Imagine if Roger Federer never faced Rafa Nadal in tennis or if Manchester United and Liverpool never crossed paths in football. Unthinkable, perhaps, but in boxing, so often it has been the case that the best sometimes never share the ring.
Today, Tyson Fury and Anthony Joshua, 33 and 32, respectively, nearly 60 fights into their professional careers – both heavyweight champions since the mid-’10s and yet – their oft-discussed bout remains frustratingly off the table. And so it has always been,
Back in the 1990s, several of those great potential match-ups that we discussed in last week’s first edition proved elusive or, at best, arrived far too late for true determinations to be provided.
Having looked at some of the biggest match-ups, we’ve taken a deeper look at that brilliant 90s heavyweight era and picked out three more fights that, had they occurred, would only have strengthened that particular period’s claim to boxing immortality.
READMORE: Heavyweight boxing – the fights we missed out on in the 1990s, part one
Mike Tyson vs. George Foreman
A battle of the ages, quite literally. While separated by eighteen years in age, a fight between two of the division’s heaviest hitters could well have occurred during the 1990s.
At the beginning of the decade, Tyson lost his undisputed heavyweight crown to Buster Douglas, while Big George was 24 fights (and wins) into his much-maligned comeback following a knockout victory against former title contender Gerry Cooney some 30 days prior to Tyson’s stunning defeat.
With Tyson beginning his own comeback, rumors had begun to swirl that the two former champions would get it on in what would have been a potentially absorbing and brilliant battle between two of the division’s greatest to lace them up.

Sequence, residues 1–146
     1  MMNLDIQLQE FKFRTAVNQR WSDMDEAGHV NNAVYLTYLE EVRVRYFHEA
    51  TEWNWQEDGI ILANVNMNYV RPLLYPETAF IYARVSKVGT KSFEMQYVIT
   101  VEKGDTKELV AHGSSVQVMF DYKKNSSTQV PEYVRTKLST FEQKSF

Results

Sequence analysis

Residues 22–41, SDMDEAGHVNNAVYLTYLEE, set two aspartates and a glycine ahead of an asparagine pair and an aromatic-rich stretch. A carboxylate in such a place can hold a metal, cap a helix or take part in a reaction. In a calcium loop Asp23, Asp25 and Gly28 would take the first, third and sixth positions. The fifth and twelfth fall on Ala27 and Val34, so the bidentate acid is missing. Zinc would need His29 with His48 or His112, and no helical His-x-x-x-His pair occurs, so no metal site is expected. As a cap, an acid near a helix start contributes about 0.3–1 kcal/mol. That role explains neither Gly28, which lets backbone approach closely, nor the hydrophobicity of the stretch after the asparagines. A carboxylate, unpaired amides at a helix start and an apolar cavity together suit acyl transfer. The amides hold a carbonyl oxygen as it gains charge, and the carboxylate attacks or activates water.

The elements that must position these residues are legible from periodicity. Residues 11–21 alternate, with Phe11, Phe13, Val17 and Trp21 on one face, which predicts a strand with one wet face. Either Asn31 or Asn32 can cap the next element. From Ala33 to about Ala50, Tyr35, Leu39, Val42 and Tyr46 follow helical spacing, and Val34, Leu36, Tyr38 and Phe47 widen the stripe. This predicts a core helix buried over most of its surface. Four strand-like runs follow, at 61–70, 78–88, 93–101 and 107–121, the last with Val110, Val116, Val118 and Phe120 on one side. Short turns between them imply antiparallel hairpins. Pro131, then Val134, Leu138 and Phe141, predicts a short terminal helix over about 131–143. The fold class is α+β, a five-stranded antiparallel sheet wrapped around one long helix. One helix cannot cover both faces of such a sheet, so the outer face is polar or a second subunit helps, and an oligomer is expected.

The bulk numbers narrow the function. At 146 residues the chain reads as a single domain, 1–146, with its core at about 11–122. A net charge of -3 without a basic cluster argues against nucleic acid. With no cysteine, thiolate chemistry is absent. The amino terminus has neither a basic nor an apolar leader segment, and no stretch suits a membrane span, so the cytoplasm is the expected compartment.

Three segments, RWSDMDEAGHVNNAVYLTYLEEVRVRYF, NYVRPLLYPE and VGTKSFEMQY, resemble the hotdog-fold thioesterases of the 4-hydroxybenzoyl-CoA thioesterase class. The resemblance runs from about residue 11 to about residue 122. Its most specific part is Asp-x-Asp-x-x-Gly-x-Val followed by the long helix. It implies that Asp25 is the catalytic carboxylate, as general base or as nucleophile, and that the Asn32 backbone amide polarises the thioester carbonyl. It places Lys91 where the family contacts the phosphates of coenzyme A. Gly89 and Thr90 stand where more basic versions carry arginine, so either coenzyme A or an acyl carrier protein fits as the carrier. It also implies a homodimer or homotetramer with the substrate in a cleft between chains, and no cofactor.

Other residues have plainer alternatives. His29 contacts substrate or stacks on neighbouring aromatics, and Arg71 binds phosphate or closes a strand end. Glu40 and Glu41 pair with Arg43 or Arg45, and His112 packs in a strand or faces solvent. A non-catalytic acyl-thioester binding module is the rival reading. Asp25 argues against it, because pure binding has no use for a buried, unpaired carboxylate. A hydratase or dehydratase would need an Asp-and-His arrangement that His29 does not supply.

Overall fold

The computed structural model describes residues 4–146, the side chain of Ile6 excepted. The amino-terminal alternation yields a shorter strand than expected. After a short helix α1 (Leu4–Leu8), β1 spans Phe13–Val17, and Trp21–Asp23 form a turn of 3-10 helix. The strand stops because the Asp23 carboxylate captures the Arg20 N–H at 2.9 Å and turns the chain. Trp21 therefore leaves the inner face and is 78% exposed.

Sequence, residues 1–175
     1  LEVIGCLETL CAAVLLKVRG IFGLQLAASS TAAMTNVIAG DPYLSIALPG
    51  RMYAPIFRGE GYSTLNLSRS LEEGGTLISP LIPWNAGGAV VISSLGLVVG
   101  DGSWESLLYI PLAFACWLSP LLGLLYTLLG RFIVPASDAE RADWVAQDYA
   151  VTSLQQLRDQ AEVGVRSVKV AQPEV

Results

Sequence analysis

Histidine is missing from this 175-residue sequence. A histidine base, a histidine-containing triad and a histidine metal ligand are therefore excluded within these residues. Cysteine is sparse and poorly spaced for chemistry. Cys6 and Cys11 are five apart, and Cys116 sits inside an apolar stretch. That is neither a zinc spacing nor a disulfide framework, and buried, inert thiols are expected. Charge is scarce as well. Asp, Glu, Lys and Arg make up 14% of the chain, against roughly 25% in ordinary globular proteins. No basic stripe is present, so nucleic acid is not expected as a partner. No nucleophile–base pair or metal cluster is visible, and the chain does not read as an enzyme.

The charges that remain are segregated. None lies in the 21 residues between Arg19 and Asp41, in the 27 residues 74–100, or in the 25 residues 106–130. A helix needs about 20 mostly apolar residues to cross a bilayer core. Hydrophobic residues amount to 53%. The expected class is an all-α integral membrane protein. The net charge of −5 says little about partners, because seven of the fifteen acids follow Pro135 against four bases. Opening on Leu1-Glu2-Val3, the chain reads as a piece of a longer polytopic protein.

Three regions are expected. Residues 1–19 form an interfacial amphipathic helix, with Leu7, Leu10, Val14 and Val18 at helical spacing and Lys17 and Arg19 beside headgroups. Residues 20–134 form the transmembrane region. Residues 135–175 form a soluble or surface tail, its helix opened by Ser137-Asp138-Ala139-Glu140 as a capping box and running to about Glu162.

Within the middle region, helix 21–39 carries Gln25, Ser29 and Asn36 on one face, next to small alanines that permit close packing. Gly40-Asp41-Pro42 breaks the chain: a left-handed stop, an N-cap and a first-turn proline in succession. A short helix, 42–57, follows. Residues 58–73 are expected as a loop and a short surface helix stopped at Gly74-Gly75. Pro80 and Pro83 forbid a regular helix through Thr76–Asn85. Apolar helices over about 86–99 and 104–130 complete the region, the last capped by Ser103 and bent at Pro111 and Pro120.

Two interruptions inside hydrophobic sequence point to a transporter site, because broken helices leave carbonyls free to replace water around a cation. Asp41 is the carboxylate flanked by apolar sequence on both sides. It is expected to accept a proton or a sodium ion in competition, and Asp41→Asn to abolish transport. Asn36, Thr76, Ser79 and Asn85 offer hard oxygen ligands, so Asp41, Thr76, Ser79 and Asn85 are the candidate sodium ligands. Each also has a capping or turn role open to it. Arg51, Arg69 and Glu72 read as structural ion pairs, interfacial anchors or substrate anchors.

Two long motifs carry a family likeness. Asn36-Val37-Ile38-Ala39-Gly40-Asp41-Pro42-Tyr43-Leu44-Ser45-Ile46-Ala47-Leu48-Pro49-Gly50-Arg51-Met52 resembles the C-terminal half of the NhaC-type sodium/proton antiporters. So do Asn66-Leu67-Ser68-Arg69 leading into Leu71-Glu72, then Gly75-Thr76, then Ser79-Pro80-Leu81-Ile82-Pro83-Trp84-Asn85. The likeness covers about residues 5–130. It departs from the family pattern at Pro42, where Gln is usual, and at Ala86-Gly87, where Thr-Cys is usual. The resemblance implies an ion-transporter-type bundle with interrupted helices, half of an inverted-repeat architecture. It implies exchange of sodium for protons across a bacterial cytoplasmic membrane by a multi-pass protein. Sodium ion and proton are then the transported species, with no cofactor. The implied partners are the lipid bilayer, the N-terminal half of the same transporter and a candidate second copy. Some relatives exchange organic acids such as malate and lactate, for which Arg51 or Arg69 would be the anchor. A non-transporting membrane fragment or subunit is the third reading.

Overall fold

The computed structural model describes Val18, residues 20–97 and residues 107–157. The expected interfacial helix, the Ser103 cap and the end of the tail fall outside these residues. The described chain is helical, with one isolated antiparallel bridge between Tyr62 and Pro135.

However, it has been said that Tyson wanted no part of Foreman, while Foreman has often spoken of his relief at never having had to face the furious fists of the great Iron Mike.
“That guy was a nightmare in the ring,” said Foreman about Tyson. “I didn’t want anything to do with that guy. He was sacred, and I was glad of that. I didn’t want a part of Mike Tyson. He was a monster.
“Those are the kind of guys you see in a nightmare. You want to wake up and say, ‘So glad that’s a dream.’ I didn’t want any part of Mike Tyson – no way.” claimed Foreman.
But what a fight it might have made. Would Foreman, so long in the tooth and battle-hardened, have had the strength to stand up to the power of the young Tyson? Perhaps.
Stopped just once in his entire 81-fight career, Foreman was as tough as nails. A rock with gloves on. Tyson, for his part, was a whirlwind mixture of skill and violence. The fiercest champion of a generation.
Yet sadly for fight fans, this is one fantasy matchup that would remain merely that.
Riddick Bowe vs. Mike Tyson
Two of the strongest and hardest-hitting heavyweight champions of the decade, Riddick Bowe and Mike Tyson, were two of the most talented and controversial fighters to feature heavily at the top of the heavyweight ranks during the 1990s.
Having been incarcerated between 1991 and 1995, Tyson’s return to the sport brought renewed hope that a bout between these two Brooklyn natives and former world champions could finally take place.
While Bowe had surrendered his titles to Evander Holyfield in 1993, a decisive victory in his third and decisive rubber match with the “Real Deal” at the end of 1995 provided further hope that a Tyson vs. Bowe showdown would no longer prove the stuff of mere fancy.
Tyson, a two-time champion having reclaimed the WBC title from Frank Bruno at the beginning of 1996, would instead give up his title before claiming the WBA strap from the lesser-known Bruce Seldon.